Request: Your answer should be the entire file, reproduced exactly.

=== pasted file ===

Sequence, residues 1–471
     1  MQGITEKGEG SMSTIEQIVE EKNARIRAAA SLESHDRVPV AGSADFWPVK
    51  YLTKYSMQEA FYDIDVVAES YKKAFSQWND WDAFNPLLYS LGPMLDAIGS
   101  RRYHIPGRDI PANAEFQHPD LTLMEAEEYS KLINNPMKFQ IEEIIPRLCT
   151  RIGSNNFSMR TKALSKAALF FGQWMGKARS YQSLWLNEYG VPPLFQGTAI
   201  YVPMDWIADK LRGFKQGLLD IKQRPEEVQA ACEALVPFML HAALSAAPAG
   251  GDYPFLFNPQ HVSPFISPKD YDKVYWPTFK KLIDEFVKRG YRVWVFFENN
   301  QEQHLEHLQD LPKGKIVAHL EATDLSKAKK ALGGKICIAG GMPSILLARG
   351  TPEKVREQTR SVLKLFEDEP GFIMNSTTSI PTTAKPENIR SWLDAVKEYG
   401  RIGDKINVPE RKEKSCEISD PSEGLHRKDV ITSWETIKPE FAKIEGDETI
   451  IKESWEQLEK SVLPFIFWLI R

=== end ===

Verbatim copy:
Sequence, residues 1–471
     1  MQGITEKGEG SMSTIEQIVE EKNARIRAAA SLESHDRVPV AGSADFWPVK
    51  YLTKYSMQEA FYDIDVVAES YKKAFSQWND WDAFNPLLYS LGPMLDAIGS
   101  RRYHIPGRDI PANAEFQHPD LTLMEAEEYS KLINNPMKFQ IEEIIPRLCT
   151  RIGSNNFSMR TKALSKAALF FGQWMGKARS YQSLWLNEYG VPPLFQGTAI
   201  YVPMDWIADK LRGFKQGLLD IKQRPEEVQA ACEALVPFML HAALSAAPAG
   251  GDYPFLFNPQ HVSPFISPKD YDKVYWPTFK KLIDEFVKRG YRVWVFFENN
   301  QEQHLEHLQD LPKGKIVAHL EATDLSKAKK ALGGKICIAG GMPSILLARG
   351  TPEKVREQTR SVLKLFEDEP GFIMNSTTSI PTTAKPENIR SWLDAVKEYG
   401  RIGDKINVPE RKEKSCEISD PSEGLHRKDV ITSWETIKPE FAKIEGDETI
   451  IKESWEQLEK SVLPFIFWLI R